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visits member for 2 years, 5 months
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Oct
28
comment Are there blue foods out there?
None of the foods you list (except perhaps for the flowers) are blue, but purple or violet.
Oct
22
comment Ate steak with the layer of fat kind of undercooked, is it dangerous?
I don't know where you live and if we are talking about a beef steak here or some other animal, but in most countries, even raw beef (without any heat treatment) is considered safe to eat.
Oct
21
answered Halloumi ended up too soft
Sep
29
comment Can German Potato Balls be frozen?
I've actually never tried, but always heard (and believed) that you shouldn't freeze raw potatoes, since the freezing process would convert some of the potato starch into sugar?
Sep
23
comment What food dissolves in acid but not in water?
Benubird: The point is, that if that "something", in which you want to dissolve "some other thing", which is not soluble in water has impact on the taste, it will be important to find matching "something" and "some other thing". Using a weak acid would be acceptable if you try to make e.g. a fruit drink, but probably not if the result should be savory, e.g. a broth, meat or vegetable soup. If the result can be warm, a completely different (but perhaps too simple) approach would be to gel a concentrate with gelatine, form some interesting shapes, and then dissolve them in warm water.
Sep
22
comment What food dissolves in acid but not in water?
Benubird: I think it would be easier to help you if you described more precisely what your intentions are. Is it necessary to use an acid, since the acid most probably will have impact on the taste or even have to be so strong, that the result is not really palatable? Or are you just looking for a way to release a "trapped" scent, so that it is irrelevant if the result is actually tasty?
Sep
22
comment What food dissolves in acid but not in water?
Is it important that the result is edible, as in not just non-poisonous, but also that the second liquid doesn't have too much impact on the taste?
Sep
22
comment What food dissolves in acid but not in water?
@rumtscho: Even if Kate's wording is incorrect from a scientific point of view, her practical reasoning is correct. For example, if you add aluminum to an aqueous solution of hydrochlorid acid, the acid will react (not dissolve) with the aluminum and create aluminum chloride, which will dissolve in water. It may appear as if the acid dissolves the aluminum, but this is technically not quite correct. If you add aluminum to pure water, there will be no obvious reaction.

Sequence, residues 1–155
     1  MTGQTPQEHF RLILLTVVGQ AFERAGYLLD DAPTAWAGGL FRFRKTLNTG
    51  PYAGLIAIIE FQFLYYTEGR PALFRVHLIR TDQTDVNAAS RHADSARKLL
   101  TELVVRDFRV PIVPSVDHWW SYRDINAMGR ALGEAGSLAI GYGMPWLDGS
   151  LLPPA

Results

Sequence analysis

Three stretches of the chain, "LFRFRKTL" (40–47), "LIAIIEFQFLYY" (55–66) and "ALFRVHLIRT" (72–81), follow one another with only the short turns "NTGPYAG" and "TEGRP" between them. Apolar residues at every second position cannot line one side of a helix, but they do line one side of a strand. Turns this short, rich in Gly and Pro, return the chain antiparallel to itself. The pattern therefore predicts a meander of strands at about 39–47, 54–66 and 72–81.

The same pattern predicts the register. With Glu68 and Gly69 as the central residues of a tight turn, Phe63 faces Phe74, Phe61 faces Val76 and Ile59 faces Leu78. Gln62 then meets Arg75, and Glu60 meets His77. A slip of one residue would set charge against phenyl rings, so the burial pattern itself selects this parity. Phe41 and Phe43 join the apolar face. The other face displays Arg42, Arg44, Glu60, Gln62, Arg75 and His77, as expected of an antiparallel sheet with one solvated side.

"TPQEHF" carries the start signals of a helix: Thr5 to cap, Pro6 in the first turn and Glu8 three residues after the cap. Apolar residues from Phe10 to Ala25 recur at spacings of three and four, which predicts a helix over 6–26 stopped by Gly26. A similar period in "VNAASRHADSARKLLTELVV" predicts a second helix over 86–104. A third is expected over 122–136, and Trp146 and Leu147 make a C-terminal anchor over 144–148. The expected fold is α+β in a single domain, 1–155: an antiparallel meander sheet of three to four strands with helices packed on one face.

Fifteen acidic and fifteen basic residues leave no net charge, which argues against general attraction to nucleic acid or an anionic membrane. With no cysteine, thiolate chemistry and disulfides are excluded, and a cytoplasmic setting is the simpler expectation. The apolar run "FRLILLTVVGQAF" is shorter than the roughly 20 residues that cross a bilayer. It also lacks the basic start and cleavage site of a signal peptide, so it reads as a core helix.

Jul
21
answered Is there such a thing as too much vanilla?
May
10
awarded  Yearling
Apr
16
comment What size are small, medium and large tomatoes?
IMHO a medium sized tomato is somewhere between a large lime and a small apple.
Jan
7
answered Lemon juice and kale/green leaf lettuce salad produces a very horseradish-y taste and smell
Jan
7
comment why does coconut ice turn brown after a couple of days
What is "sorbex"? Google finds it used as a trade name both for at least sorbitol, potassium sorbate, activated carbon and wound bandages.
Nov
16
comment Why are non-orange coloured carrots so uncommon?
I've also read that the orange carrot is a Dutch cultivation, even explained with orange being the national colour of the Netherlands. However, even the "Vienna Dioscurides" dating from appr. 515 AD has a picture of an orange carrot, making it obvious that orange carrots were at least bred and probably quite common much earlier: commons.wikimedia.org/wiki/…
Nov
5
answered What's the name of the black-brown decoration sauce used in French cooking?
Sep
30
answered grams of fat on nutrition facts label don't add up
Aug
29
comment Why would I turn canning jars upside down for 15 minutes after removing from the water bath?
@Jefromi: Even if it's easy to do what you think is right, as I also already wrote, excessive heat exposure may just as well degrade the canned product. For example jams and marmelades are with few exceptions not affected by botulinum due to the acidity and not affected by mold due to the high sugar content. Cooking fruit or berries too long when making jams degrades IMHO the texture of the product and definitely has a bad influence on taste.
Aug
28
comment Why would I turn canning jars upside down for 15 minutes after removing from the water bath?
@SAJ14SAJ: And what is difficult to understand with "most"? If you want to critizise my comments, please read them entirely and don't leave out the words not suiting you. I even explained which additional critera (low acidity or higher salt content) is required to prevent boutlinum growth. What's the point in leaving out half the statement and claim it to be false?
Aug
28
comment Why would I turn canning jars upside down for 15 minutes after removing from the water bath?
@SAJ14SAJ: Did I write that canned food cannot be affected by botulism?
Aug
28
comment Why would I turn canning jars upside down for 15 minutes after removing from the water bath?
@Jefromi: Most canned food cannot be affected by botulinum since acidity or salt content prevent botulinum growth independent of any sterilization. Exposing e.g. fruit preservatives to high temperatures for a longer period is not only unnecessary to prevent botulinum growth, but may also have negative impact on the resulting quality.